What Happens When Employee Motivation Is Low
According to Gallup‘s research, only 13% of employees would be motivated by their job worldwide. And with 63% of employees being “not engaged”, how can such low levels or no employee motivation be explained? Low salaries, gruelling work days, poor work environment or lack of appreciation, are as many culprits for the disengagement of employees around the globe.
Under the current economic climate and existing budget constraints, today’s organisations are conscious that they cannot rely solely on remuneration packages to improve motivation and engagement. They seek better ways to comprehend the levers of motivation to solve this priority issue.
Employee motivation is a major component of organisational success. In order to comprehend this multifaceted concept, we offer you to understand its ins and outs with this article.
What Is Work Demotivation?
Demotivation happens when employees have lost their inspiration or will to take action. This lack of interest and enthusiasm for work can have disastrous consequences for an organisation. Demotivation should be differentiated from momentary lack of drive, which is usually caused by personal issues.
A demotivated employee can experience a lack of motivation temporarily or, in the worst cases, permanently. This is when managers have a great role to play. It’s important to tackle the issue before it becomes too deep and has the time to impact negatively other team members. The longer the problem is overlooked, the harder it’s going to be to re-inject motivation in an employee, if even possible.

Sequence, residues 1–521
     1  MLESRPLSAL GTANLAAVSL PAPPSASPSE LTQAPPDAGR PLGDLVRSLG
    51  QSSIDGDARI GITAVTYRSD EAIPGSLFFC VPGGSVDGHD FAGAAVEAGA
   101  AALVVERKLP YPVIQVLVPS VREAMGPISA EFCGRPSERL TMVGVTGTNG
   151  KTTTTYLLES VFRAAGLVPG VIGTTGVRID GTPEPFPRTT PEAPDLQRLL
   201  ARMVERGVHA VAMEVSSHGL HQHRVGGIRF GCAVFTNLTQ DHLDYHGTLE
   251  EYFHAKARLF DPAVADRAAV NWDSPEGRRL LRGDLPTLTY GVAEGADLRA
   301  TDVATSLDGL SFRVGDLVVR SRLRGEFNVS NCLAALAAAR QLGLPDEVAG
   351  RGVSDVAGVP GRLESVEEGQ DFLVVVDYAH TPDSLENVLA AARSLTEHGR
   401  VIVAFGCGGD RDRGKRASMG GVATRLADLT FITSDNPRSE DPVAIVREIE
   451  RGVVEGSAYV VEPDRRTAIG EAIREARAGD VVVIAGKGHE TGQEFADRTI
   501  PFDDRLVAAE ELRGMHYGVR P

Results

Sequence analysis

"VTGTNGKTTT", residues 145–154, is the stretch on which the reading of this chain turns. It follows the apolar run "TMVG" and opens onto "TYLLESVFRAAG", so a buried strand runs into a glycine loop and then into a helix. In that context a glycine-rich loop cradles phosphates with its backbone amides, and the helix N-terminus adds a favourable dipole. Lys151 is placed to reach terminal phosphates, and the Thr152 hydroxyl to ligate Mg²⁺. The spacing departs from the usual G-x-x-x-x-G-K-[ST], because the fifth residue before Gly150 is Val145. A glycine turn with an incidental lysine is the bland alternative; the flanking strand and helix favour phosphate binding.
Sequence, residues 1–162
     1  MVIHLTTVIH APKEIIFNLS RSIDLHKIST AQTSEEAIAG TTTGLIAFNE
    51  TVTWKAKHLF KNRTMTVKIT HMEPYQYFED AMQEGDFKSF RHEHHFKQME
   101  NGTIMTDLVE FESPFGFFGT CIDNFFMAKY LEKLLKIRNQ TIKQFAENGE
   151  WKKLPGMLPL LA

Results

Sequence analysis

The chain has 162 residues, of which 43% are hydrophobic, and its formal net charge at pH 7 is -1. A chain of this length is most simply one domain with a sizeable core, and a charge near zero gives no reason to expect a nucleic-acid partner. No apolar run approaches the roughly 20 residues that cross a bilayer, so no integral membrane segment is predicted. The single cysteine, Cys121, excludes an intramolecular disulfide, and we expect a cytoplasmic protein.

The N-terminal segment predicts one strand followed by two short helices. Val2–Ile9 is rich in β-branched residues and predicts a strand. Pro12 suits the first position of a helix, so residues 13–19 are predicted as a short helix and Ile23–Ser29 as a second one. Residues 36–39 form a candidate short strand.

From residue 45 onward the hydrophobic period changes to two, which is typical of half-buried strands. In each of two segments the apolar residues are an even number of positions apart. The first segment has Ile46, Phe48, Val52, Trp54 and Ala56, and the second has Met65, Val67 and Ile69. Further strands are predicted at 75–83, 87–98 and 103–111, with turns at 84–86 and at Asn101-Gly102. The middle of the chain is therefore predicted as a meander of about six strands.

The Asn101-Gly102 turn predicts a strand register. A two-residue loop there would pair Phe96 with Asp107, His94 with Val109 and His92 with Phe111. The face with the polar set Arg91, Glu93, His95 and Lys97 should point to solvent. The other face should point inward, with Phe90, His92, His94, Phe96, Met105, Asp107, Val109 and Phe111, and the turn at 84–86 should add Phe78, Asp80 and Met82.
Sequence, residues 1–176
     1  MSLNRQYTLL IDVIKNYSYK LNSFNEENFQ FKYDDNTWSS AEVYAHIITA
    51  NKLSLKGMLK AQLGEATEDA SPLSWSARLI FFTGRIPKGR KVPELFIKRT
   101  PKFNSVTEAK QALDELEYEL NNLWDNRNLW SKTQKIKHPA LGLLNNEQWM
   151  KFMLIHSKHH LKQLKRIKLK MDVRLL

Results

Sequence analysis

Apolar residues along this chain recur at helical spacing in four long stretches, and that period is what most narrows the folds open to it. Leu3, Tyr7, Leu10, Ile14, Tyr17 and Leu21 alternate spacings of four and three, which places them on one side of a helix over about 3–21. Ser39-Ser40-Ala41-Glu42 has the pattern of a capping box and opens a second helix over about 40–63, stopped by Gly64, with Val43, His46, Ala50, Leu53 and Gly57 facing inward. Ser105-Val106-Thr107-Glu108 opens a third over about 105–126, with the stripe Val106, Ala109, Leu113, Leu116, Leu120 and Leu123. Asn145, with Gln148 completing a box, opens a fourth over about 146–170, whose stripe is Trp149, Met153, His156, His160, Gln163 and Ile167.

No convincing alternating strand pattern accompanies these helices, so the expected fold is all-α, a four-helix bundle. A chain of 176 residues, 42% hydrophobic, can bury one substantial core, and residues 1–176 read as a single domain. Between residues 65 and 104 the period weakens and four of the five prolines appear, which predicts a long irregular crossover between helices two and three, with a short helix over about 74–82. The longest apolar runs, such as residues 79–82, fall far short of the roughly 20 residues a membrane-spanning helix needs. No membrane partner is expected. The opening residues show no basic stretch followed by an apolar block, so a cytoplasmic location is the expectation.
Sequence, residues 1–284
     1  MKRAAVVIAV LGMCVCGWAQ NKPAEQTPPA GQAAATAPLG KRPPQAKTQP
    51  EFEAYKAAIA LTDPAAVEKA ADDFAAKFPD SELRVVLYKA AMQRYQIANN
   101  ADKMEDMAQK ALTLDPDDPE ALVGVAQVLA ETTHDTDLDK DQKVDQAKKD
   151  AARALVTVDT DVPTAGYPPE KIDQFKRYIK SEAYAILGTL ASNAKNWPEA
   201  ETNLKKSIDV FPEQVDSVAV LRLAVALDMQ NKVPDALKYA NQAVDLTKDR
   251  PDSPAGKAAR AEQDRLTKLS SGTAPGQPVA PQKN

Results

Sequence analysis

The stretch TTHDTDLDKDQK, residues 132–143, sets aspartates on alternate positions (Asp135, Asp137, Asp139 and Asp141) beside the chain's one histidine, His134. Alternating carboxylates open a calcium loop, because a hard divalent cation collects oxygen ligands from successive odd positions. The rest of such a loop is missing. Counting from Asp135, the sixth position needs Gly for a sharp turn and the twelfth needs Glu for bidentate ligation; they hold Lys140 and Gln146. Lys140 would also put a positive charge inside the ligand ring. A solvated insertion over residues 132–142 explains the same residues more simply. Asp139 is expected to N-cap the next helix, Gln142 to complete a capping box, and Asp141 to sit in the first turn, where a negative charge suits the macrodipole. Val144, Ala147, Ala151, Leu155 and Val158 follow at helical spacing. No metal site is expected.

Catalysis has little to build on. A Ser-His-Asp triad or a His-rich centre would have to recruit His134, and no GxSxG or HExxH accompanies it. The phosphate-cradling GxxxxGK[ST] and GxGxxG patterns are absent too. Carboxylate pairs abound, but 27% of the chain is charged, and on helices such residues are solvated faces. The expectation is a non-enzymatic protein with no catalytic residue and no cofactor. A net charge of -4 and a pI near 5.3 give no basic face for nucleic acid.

Managers should be on the lookout for the following warning signs that often translate a low moral:
- Lower level of involvement or commitment
- Unusual delays or unexplained and repeated sick leave
- Impression that the employee is intentionally sabotaging projects or acting as a roadblock
- Repeated mistakes or signs of thoughtlessness
- Negative behaviours and attitudes
- Lower productivity and performance
- Disregards warnings and comments
What Can Be Learnt From Motivation Theory Today?
It exists a plethora of theories on motivation. Often supported by interesting and colourful experiments, they help us better understand the levers that play a role in influencing motivation. Amongst them, we can note:
- McClelland‘s Theory of Needs, which proposes that motivation is based on the intrinsic desire we have to overachieve and accomplish things.
- The highly popular Maslow’s Pyramid, which is based on the satisfaction of needs classified in a certain hierarchy (i.e. physiological needs, needs of security, social interaction, self-esteem and self-actualisation)
- Locke‘s Theory, based on the notion of objective
- Skinner‘s Theory, which could be nicknamed the theory of “the stick & the carrot” or more scientifically of positive and negative feedback.
Among this pool of research and insights, Frederick Herzberg‘s motivation theory is probably the simplest to put in practice since it associates motivation to two major factors supposed to work independently: satisfaction and dissatisfaction. Neutralising factors of dissatisfaction doesn’t suffice to boost motivation in an organisation. It’s important to also work on improving the factors that bring satisfaction to employees such as the ability to achieve.
A lot of practical research has also taken place beyond this theoretical framework. It’s now commonly admitted that rewards and incentives boost performance and motivation. Among the most common factors of work demotivation, the following causes stand out: